“One day, a little girl came to the pizza shop. I thought to myself, ‘She looks Turkish.’ She ate her pizza. Then, as she was about to leave, I asked her where she was from. She said ‘I’m Turkish.’ I said, ‘What are you doing here by yourself?’ And, she replied, ‘My dad works here, too.’ It turned out that her father was a member of the local Syriac community working in the jewelry business at the mall. After she told her father that she met another Turk at the mall, her father and I also met. One day, her father asked me if I could bake Turkish pita with minced meat. I said, ‘Yes.’ Then, another person asked for Turkish bagel (simit), and, later, somebody else wanted lahmacun. In time, I found myself cooking Turkish bakery products for our friends in the Syriac community,” he says.


After seeing the high demand, Taşkın asked the pizza shop owner for permission to work at the shop at nights to bake Turkish pastry items. So, this is how the first steps of Taşkın Bakery were taken, at an Italian pizza house, through serving of pita to Assyrian neighbors. Taşkın would bake the pastry at night and distribute them to the other shops during daytime. After having worked at that pizza store for about a year and a half, he started working at another shop, delivering bread. He used to buy bread from an Arabic bakery, which used to operate at the building that is now called Taşkın Bakery, and deliver it to customers. At one point, the owner of the Arabic bakery made an offer to Taşkın for him to rent part of the shop to bake Turkish bread. So, Taşkın rented a 20 square meter space in 1997 for 400 dollars. But he did not even have money to buy flour. He baked his first bread there with some flour that he lended. He sold around 35 to 40 loaves of bread on his first day. Once he earned some money, he bought 10 bags of flour. He tells his feelings about that day: “When I bought the flour, I sat down in my car and cried. And, I said to myself, ‘America! I am here, too.’” Taşkın and his wife continued their homemade bread business together, without having any machinery. He says, “We used to work day and night.”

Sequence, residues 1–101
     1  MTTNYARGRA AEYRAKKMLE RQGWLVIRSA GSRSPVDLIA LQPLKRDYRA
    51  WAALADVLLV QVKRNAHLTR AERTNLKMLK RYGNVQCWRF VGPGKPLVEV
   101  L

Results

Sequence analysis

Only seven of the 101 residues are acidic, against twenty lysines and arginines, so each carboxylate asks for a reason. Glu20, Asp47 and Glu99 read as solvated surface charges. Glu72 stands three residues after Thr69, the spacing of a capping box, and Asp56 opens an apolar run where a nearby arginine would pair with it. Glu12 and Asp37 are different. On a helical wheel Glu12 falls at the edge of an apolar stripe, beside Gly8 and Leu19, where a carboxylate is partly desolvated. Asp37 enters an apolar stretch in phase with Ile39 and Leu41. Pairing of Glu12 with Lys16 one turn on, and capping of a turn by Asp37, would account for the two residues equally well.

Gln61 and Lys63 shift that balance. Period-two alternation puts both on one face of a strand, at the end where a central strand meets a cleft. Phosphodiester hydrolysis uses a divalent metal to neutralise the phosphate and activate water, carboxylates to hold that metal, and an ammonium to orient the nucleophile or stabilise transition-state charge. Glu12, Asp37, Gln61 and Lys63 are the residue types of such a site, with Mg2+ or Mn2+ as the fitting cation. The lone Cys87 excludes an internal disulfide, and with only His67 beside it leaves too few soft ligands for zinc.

When the Arabic bakery went bankrupt and had to evacuate the space, Taşkın rented the venue on September 11, solely for Taşkın Bakery. In time, their business grew further and the daily output double, and, then, tripled. He ended up buying the store, of which he had initially rented, for 400 dollars, only a 20 square meter. Then, a café area was added. Since then, their business has been operating at a 20,000 square meter space and it also provides employment to 80 people. Including his 5 daughters, Taşkın’s whole family works at the bakery. When asked whether he finds working with family members a difficult task, Taşkın says, “When you are working together with your family like this, you need to at times act deaf and at times blind.” He adds: “Some like fishing, some like playing golf. I enjoy serving the community.”

Naciye Taskin was helping her husband at the beginning. (Photo by Koray Kasap) 

Taşkın also has American customers who have been loyal since day one. He says, “There have been times when some of them would hug me and say, crying, ‘Bravo! You have come along this way, step by step, ‘till this day!’’

Last modified onTuesday, 17 January 2023 15:24